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Simultaneously the Hydrogen peroxide will be added, the stopper placed on the boiling tube and then stop watch started. We will then measure the amount of gas produced every 10 seconds, recording our results up to and including 200 seconds. We will then change the temperature of the water bath to varying temperatures listed in the results table and repeat the experiment. Results Time (seconds) Experiment 1 – 17i?? C Experiment 2 – 38i?? C Experiment 3 – 13i?? C Experiment 4 – 60i?? C Experiment 5 – 48i?? C Analysis of Graph The graph is made up of several curves, which start at the origin.
This tells us that the volume of gas produced (rate of reaction) is not directly proportional to time. Here is a summary of what our graph shows: The points make an obvious pattern. The graph shows that volume of gas produced increases as time goes by up until a certain time at which it stops reacting. From the graph we can see one or two very small anomalies but they are not off by much. This could be due to the apparatus and procedure methods. Using more accurate equipment and taking more care when preparing the experiment could reduce these anomalies.
Another source of error is the shaking of the test tube, if all the experiments were not shaken the same amount at the same time the graphs could be off. Conclusion “I predict that as temperature increases so will the rate of the reaction (up to a certain temperature, at which it will no longer ‘function’)” As shown in my results table, and more clearly my graph, you can see what I found supported my prediction mentioned above. However, the temperature at which I predicted that the yeast would not function was off. We operated the experiment at two extremes temperatures, 13i?? C and 60i?? C.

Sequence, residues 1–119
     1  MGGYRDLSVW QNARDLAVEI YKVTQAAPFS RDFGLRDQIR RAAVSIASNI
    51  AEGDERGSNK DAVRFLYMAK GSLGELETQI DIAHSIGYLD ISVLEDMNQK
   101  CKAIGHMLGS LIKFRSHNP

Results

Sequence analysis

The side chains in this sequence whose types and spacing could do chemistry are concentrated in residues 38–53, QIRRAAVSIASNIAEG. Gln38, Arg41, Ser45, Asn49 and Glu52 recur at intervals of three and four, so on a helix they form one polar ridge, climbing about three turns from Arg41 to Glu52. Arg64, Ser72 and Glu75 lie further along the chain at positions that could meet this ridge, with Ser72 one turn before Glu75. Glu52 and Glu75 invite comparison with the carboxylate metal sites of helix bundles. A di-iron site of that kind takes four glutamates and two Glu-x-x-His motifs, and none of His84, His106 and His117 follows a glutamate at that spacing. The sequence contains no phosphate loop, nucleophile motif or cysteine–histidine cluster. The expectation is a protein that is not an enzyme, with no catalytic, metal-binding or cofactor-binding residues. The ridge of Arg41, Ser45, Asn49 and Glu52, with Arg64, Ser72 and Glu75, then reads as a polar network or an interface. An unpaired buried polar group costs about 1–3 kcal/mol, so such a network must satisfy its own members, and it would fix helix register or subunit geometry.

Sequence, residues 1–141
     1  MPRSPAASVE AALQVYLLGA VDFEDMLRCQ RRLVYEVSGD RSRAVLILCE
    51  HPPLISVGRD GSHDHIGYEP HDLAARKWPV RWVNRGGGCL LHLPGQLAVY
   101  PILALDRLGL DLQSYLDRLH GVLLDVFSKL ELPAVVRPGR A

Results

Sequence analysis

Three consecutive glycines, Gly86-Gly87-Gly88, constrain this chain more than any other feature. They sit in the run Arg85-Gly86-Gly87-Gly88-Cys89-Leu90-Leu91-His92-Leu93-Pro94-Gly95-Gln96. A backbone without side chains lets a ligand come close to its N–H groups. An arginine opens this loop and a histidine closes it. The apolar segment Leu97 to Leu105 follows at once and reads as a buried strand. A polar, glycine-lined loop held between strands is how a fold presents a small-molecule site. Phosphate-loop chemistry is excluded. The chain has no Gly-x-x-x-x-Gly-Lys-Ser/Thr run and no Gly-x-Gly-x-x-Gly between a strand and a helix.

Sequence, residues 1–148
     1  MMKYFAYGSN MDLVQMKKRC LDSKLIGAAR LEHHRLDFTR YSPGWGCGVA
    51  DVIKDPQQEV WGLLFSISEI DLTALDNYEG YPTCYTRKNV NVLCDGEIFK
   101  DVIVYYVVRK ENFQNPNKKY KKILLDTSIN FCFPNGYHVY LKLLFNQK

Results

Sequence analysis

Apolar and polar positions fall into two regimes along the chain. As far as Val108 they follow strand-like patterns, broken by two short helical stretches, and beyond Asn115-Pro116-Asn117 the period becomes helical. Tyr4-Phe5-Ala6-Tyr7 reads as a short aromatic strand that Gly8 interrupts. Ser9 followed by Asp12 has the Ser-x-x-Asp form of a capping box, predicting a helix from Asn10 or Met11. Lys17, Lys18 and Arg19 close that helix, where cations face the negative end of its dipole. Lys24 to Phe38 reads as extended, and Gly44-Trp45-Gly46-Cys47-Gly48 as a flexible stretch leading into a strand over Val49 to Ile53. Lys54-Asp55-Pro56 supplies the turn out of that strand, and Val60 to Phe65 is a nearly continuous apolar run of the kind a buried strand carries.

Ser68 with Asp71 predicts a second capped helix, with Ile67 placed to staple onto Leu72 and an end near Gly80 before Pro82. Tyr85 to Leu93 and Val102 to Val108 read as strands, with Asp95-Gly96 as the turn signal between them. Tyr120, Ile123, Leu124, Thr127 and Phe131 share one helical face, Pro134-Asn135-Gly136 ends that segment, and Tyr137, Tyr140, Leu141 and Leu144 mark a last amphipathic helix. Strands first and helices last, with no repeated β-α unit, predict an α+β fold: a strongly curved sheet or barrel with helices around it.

At these temperatures there was a change in the rate of reaction, however, this change was not as much as I predicted. The gap between the most gas produced and the least is only 10cmi??. What is most surprising is that the enzyme reacted quite well at 60i?? C, at this point I would have thought it would have denatured. It also didn’t react as slow as I thought it would at 13i?? C which is also surprising. In my background information I included that the optimum temperature for yeast would be around 37i?? C, however, after the experiment it seems the optimum temperature would be somewhere between 50i??
C and 60i?? C. Evaluation Although the experiment was reasonably accurate, some of the results we took are bound to be off, and as you can see from my graph some of them are. However, they are not off by much at all. To test my results for lack of accuracy I did the first experiment twice and compared those results. From this I found that the end amount of gas produced was 5cmi?? more than it was the second time I did the experiment. Errors in the experiment can be due to several factors. These factors are the ‘key’ factors mentioned above.
These key factors are factors that could change the results by varying amounts if they are not constant. These factors are basically: Time Temperature Amount of Hydrogen Peroxide used pH of the solution Shaking of the test tube We tried to keep these values at a constant and tried to repeat each experiment exactly the same as the last one. However, in experiments where readings are required to be read off a scale there will be a lot of human error. Improving the Experiment There are only a few ways in which we could improve the experiment, and it is likely the highest sources of error came from human error.
However, we could always increase the accuracy of the results by using more accurate equipment, such as an Electro thermostatically controlled water baths which are precise to 0. 05i?? C. Gas syringes would also be a possibility to us. Whether gas syringes would be more accurate or not is not sure, but the scales might be easier to read and therefore reduce human error. Show preview only The above preview is unformatted text This student written piece of work is one of many that can be found in our GCSE Patterns of Behaviour section.